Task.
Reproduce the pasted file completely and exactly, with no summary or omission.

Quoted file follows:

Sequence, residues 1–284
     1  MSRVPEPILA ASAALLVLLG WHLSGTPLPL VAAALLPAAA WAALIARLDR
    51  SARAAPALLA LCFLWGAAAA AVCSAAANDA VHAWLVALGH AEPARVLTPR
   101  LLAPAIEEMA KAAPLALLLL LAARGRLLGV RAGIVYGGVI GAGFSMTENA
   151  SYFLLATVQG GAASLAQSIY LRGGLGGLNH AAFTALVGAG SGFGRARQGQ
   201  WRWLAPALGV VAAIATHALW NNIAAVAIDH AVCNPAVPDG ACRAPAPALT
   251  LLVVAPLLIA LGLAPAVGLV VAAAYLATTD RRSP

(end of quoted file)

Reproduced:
Sequence, residues 1–284
     1  MSRVPEPILA ASAALLVLLG WHLSGTPLPL VAAALLPAAA WAALIARLDR
    51  SARAAPALLA LCFLWGAAAA AVCSAAANDA VHAWLVALGH AEPARVLTPR
   101  LLAPAIEEMA KAAPLALLLL LAARGRLLGV RAGIVYGGVI GAGFSMTENA
   151  SYFLLATVQG GAASLAQSIY LRGGLGGLNH AAFTALVGAG SGFGRARQGQ
   201  WRWLAPALGV VAAIATHALW NNIAAVAIDH AVCNPAVPDG ACRAPAPALT
   251  LLVVAPLLIA LGLAPAVGLV VAAAYLATTD RRSP